Les Bates and J.B. Warner in Big Stakes (1922)


(director: Clifford S. Elfelt; screenwriter: Earl Wayland Bowman; music: Donald Socio; cast: James B. Warner (Jim Gregory), Eleanor Fair (Senorita Mercedes Aloyez), Les Bates (Bully Brand), Wilamae Carson (Mary Moore), H.S. Karr (sidekick Skinny Fargo), Robert H. Grey (El Capitan Montoya), A. Knott (Pascal); Runtime: 61; MPAA Rating: NR; producer: Franklyn E. Backer; Milestone; 1922-silent)

“It had some heady stuff for a quickie silent Western.”

Reviewed by Dennis Schwartz

A rarely seen independently made silent Western that’s set in contemporary times. It’s directed by Clifford S. Elfelt (“Under Fire”/”Danger”/”Flaming Hearts”) and written by Earl Wayland Bowman. The star is the 27-year-old James B. Warner, who would die two years later from TB. The film has a Latino beat and covers contemporary social issues such as racism, mixed marriages and feminism. It highlights fistfights, the KKK, the Mexican Army, Mexican songs, Mexican jumping beans, relationships between the Mexican aristocracy and working-class gringos, and a love triangle. Besides having a smart screenplay, it has some quirky dialogue that’s an acquired taste (one character laments “…dynamite is a tame sport compared to foolin’ around with women”).

Mercedes Aloyez (Eleanor Fair), the daughter of a wealthy Mexican rancher, is betrothed to Mexican army Captain Montaya (Robert H. Grey). Though her father consented to the marriage, she is still not sure if she loves him and is not in a rush to wed. When American cowboy Jim Gregory (James B. Warner) crosses the Texas border to chase a stray steer on Mercedes’ property, they fall in love on the cute. While El Capitan is on army duty, he has the Yaqui goat-herder Pascal (A. Knott) watch Mercedes. When Pascal reports to El Capitan about Mercedes’s rendezvous with Jim, he gives the spy a present of jumping beans and returns with a squad to capture Jim and his overweight comic relief partner named Skinny (H.S. Karr). They end up wagering with El Capitan for the hand of Mercedes by betting on which jumping bean leaves the circle first. Also, the loser will have a poisonous Gila monster bite them. Jim wins, but allows El Capitan to live and Mercedes to choose the one she loves. Before they can deal with that, Jim receives word that his American waitress girlfriend Mary (Wilamae Carson ) needs his help because she has been captured by the KKK. It seems their hooded leader and her diner boss, Bully Brand (Les Bates), desires her and wants to eliminate his rival Jim in this trap he’s setting. The Mexican army helps rout the KKK so Jim can rescue Mary. In the end stability returns, as the senorita chooses her Mexican friend to marry and Jim returns to his independent-minded modern working-class white woman, who drives a car.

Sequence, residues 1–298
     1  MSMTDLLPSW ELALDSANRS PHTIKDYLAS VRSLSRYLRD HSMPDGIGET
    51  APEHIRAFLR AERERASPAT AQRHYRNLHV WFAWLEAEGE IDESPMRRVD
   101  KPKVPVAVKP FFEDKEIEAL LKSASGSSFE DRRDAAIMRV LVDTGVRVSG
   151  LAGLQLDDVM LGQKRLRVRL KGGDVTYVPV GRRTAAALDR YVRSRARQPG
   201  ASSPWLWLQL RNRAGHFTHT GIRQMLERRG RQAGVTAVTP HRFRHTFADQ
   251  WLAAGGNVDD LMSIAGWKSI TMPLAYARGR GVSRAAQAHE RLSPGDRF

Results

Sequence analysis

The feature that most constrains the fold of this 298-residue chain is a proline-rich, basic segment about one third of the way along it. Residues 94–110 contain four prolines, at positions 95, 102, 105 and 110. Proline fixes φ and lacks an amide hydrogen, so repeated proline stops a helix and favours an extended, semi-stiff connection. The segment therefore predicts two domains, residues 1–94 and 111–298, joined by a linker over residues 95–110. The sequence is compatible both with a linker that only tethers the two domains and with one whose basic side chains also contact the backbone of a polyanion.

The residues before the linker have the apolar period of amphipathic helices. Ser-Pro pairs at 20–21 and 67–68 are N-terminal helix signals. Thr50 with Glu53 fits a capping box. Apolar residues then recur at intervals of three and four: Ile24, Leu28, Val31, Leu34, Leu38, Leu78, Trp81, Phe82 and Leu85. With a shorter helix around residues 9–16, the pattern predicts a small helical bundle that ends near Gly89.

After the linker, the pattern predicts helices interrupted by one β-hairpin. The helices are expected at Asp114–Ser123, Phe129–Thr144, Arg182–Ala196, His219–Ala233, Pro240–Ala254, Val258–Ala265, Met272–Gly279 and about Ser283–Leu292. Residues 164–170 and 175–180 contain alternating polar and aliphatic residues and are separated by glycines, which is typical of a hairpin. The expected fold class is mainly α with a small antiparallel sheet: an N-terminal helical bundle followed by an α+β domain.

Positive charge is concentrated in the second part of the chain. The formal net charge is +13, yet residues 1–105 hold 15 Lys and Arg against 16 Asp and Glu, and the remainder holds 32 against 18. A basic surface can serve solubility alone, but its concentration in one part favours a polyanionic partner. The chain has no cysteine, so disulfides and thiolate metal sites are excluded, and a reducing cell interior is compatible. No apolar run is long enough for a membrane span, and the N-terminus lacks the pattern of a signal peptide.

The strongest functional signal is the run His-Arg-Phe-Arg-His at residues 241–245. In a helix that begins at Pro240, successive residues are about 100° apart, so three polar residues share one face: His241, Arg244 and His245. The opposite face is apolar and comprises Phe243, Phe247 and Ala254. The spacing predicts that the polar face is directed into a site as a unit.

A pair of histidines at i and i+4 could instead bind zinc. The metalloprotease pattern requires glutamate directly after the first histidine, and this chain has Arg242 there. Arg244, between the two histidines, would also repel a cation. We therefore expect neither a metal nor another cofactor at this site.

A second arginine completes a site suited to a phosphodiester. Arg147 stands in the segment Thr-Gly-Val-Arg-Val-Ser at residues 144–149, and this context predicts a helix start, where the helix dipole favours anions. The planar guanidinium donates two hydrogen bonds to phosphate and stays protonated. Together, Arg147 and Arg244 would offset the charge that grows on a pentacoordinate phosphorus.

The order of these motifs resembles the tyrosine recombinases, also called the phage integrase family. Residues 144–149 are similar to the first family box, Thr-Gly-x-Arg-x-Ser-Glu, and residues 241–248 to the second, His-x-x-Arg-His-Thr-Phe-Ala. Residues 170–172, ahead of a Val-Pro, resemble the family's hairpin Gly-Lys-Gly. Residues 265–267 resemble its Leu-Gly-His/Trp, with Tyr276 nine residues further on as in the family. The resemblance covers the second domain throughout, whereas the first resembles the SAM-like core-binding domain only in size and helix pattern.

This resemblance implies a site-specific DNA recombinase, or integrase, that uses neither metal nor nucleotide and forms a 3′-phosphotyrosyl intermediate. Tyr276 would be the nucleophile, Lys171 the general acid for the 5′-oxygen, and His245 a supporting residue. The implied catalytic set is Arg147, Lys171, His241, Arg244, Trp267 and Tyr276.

It had some heady stuff for a quickie silent Western, reminding me of a low-rent Birth Of a Nation (though looking afoul at the KKK).